My maternal grandmother was Canadian and lately I find myself contemplating about the bureaucratic process to obtain dual citizenship, along with the cost of gear needed to survive a Canadian winter.
If it really comes down to fight or flight, I may just flee. Because I love this country, I don’t want to watch it transform into the village of the damned emperor on the golf course. Plus, I’ve always been a Chicken Little.
The story resonated with me as a child because — and correct me if I’m wrong — the little chicken was right. In the end, the petitioning group of fowl made it to the wolf’s dinner table alright, but instead of being welcomed guests, there to present their paranoid theory, they were the main course.
This is the quintessential children’s fable for GenXers; everything we have been taught to rely on our entire lives is going, going, gone. Public process, an ethical Congress, Social Security: all going the way of the Sony Walkman.
NEPA (National Environmental Policy Act) and I both turn 50 this year. My mother warned me about this; after a certain age, women are no longer noticed in our society. “But it’s ok,” Mom said, “you can cut in line at the bank and no one notices.” Apparently, this administration thinks they can make our fundamental tool for public participation in governmental process disappear like a middle-aged woman.
I recently attended a CEQ (Council on Environmental Quality) hearing in downtown Denver (one of only two scheduled public hearings in the whole country) and it shocked me. Just staying downtown and riding the 16th Street shuttle after dark was an eye-opener: legless, homeless vets begging for enough cash to buy a McDonald’s hamburger before climbing under a pile of blankets on the ground for the night.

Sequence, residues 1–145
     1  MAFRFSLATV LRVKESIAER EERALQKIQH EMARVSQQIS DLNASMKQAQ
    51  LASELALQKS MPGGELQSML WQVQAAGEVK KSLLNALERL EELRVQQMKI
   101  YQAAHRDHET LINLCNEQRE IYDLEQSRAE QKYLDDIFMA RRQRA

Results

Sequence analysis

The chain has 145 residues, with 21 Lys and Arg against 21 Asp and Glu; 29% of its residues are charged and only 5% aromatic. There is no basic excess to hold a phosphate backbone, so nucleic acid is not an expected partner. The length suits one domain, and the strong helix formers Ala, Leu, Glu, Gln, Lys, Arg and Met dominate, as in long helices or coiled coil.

Meanwhile Union Station’s bars and restaurants are full of yuppies wearing black on black, (like GenXers wore denim on denim) where your drink is served on a little tray of its own, along with a tiny bowl of nut snack— after the bartender has verified that your ID has not expired. No joke, the bar staff can be fired on the spot for not checking that each customer is carrying valid identification, and it’s no longer just about serving underage patrons. In fact, the perils of teenagers gaining access to alcohol seems as innocent as a children’s book these days.
Anyway, I wore black to the hearing because — along with my nose and stubbornness — I inherited the profusely-sweating-while-public-speaking trait, and, as we all know, black doesn’t show sweat. While I was the only speaker against the proposed changes to NEPA who mentioned ties to ranching in the west, I was not alone. Many people from all walks of life showed up to protest: Navajo Nation members, schoolteachers, doctors, lawyers, watchdoggers, etc.
But the folks in the room wearing cowboy hats were all for gutting NEPA like a freshly caught trout. NEPA has been instrumental in offering the public a seat at the table, giving all of us the opportunity to make our voices heard and provide alternatives that protect our air, land, and water from cancerous consequences.
I cannot trust these Western-wear types who are so pro-industry that they’ll sacrifice the future health of the land for the money they can get right now. How do they justify their arrogance to their children and grandchildren? Turns out, they tell their own fairy tale about the benevolent wolves of Wall Street and all the community contributions from the mining/drilling/fracking companies… contributions like the new cancer ward at the local hospital. (Mom was right, and eavesdropping is one of the advantages to being an invisible middle-aged woman.)
The dystopian predictions of Orwell/Bradbury/Collins are coming a little too close to fruition for this American chicken. Mysterious drones flying in grid-pattern at night over rural Colorado, TSA requiring a “real ID” to fly domestically, frequent interruptions for the Emergency Broadcast System that are not weather storm advisory related, and all the while the Democrats are linking arms and singing as they skip down the yellow brick road.
What’s a girl to do? Well this girl may just turn fifty and disappear into the crowd of parkas applying for Canadian citizenship.